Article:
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Clarence Thomas Sides with Liberals as Supreme Court Rules Against Texas Confederate Flag License Plates

The pro-slavery Confederate flag flies proudly at the South Carolina State House, even as the American flag there was lowered to half-staff in mourning of the 9 black worshippers massacred by a racist gunman at a Charleston church on Wednesday.

The pro-slavery Confederate flag flies proudly at the South Carolina State House, even as the American flag there was lowered to half-staff in mourning of the 9 black worshippers massacred by a racist gunman at a Charleston church on Wednesday.

Arch-conservative Supreme Court Justice Clarence Thomas joined his liberal colleagues in a rejecting a claim that Texas violated the First Amendment by refusing to allow license plates emblazoned with the pro-slavery Confederate flag.

Ruling 5-4 in Walker v. Texas Division, Sons of Confederate Veterans, the nation’s highest court asserted that license plates constitute government speech, not personal speech, and are thus not subject to First Amendment challenges. Sons of Confederate Veterans, a group of descendants of participants of the failed 1861-1865 secessionist Civil War waged to protect the right of white Southerners to own slaves, had applied for the license plates but was denied by the state, which argued it has a right to censor government speech.

Sons of Confederate Veterans claimed the plates are constitutionally protected free speech and that Texas was discriminating against the group by refusing to issue them. But according to Justice Stephen Breyer’s majority opinion, “when government speaks, it is not barred by the Free Speech Clause from determining the content of what it says.”

“Texas license plates are, essentially, government IDs. And issuers of ID ‘typically do not permit’ the placement on their IDs of ‘messages with which they do not wish to be associated,'” Breyer wrote. He was joined in the majority by Justices Thomas, Sonia Sotomayor, Elena Kagan and Ruth Bader Ginsburg.

Dissenting were Chief Justice John Roberts and Justices Anthony Kennedy, Antonin Scalia and Samuel Alito, who wrote that the majority opinion “passes off private speech as government speech and, in doing so, establishes a precedent that threatens private speech that government finds displeasing.”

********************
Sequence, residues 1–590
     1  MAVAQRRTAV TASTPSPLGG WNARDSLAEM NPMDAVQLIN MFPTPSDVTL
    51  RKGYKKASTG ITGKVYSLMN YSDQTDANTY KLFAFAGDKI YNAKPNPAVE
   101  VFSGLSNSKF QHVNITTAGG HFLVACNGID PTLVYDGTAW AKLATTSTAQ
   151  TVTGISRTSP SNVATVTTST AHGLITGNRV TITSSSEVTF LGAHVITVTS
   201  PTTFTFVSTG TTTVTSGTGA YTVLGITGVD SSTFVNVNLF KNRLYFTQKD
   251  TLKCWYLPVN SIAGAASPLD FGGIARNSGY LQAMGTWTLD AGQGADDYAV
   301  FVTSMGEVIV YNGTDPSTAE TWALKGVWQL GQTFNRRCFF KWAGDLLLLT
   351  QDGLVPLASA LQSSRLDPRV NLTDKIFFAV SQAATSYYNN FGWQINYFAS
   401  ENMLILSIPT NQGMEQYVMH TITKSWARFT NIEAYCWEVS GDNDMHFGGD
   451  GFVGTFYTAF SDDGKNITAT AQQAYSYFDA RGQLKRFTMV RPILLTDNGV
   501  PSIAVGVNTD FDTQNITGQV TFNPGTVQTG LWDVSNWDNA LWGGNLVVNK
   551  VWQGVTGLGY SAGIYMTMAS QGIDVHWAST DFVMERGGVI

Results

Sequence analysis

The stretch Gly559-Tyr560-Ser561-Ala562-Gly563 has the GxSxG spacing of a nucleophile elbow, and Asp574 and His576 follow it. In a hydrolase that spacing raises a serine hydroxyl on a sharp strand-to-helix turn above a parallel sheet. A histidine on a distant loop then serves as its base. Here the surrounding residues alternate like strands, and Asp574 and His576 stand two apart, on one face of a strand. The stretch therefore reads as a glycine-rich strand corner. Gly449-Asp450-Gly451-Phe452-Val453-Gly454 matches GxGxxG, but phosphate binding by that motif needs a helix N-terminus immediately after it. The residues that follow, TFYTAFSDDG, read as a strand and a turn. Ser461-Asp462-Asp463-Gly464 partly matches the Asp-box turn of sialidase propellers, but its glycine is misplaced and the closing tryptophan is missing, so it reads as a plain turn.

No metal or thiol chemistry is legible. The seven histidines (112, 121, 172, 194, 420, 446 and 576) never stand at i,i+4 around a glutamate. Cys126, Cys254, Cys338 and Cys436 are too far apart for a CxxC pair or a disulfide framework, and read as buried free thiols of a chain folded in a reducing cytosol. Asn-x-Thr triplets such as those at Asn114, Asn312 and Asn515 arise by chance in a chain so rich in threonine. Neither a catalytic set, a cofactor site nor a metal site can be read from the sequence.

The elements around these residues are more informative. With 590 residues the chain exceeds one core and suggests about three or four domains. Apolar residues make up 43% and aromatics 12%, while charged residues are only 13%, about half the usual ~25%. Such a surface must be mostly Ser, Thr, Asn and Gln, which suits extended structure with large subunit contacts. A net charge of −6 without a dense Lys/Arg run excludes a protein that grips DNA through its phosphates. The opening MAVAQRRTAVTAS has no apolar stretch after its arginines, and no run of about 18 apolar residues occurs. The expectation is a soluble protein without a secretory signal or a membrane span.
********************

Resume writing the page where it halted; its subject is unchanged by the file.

Texas allows hundreds of specialty license plates, honoring everything from ‘God’ to guns to the Dallas Cowboys football team. Justice Alito called such plates “little mobile billboards on which motorists can display their own messages,” rejecting the notion that a state-issued “Rather be Golfing” plate constitutes a government endorsement.

Nine other Southern states—Alabama, Georgia, Louisiana, Maryland, Mississippi, North Carolina, South Carolina, Tennessee and Virginia, all former slave-owning states—issue special license plates honoring their Confederate past and the Sons of Confederate Veterans. Thursday’s Supreme Court decision means any of these states may ban pro-Confederate license plates, although some are highly unlikely to do so anytime soon. It was only in 2013, for example, that Mississippi formally ratified the 13th Amendment, which was approved by Congress in 1864 and banned slavery in the United States.

On Wednesday night, a racist white gunman who wore South Africa’s white supremacist apartheid-era flag on his jacket murdered nine black worshippers at a prayer meeting in Emanuel AME Church in Charleston. To mourn the victims, state officials lowered the American flag flying over the State House to half-staff.

Meanwhile, a few feet away, a Confederate flag, first flown in 1962 in defiance of the burgeoning civil rights movement, waved proudly at the top of its pole, not lowered an inch, a reminder to people of color—and conscience—everywhere, critics said, of how far America still has to go to heal festering racial wounds.

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